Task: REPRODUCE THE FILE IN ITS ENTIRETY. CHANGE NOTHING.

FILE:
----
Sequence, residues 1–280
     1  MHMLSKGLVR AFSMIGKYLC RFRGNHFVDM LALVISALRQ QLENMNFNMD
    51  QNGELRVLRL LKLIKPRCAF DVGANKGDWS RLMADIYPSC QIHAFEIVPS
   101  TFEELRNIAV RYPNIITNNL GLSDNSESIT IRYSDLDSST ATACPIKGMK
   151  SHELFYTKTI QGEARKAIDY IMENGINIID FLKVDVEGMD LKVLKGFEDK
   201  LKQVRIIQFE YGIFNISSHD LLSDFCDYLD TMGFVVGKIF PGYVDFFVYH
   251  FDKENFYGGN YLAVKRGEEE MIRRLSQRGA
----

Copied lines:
Sequence, residues 1–280
     1  MHMLSKGLVR AFSMIGKYLC RFRGNHFVDM LALVISALRQ QLENMNFNMD
    51  QNGELRVLRL LKLIKPRCAF DVGANKGDWS RLMADIYPSC QIHAFEIVPS
   101  TFEELRNIAV RYPNIITNNL GLSDNSESIT IRYSDLDSST ATACPIKGMK
   151  SHELFYTKTI QGEARKAIDY IMENGINIID FLKVDVEGMD LKVLKGFEDK
   201  LKQVRIIQFE YGIFNISSHD LLSDFCDYLD TMGFVVGKIF PGYVDFFVYH
   251  FDKENFYGGN YLAVKRGEEE MIRRLSQRGA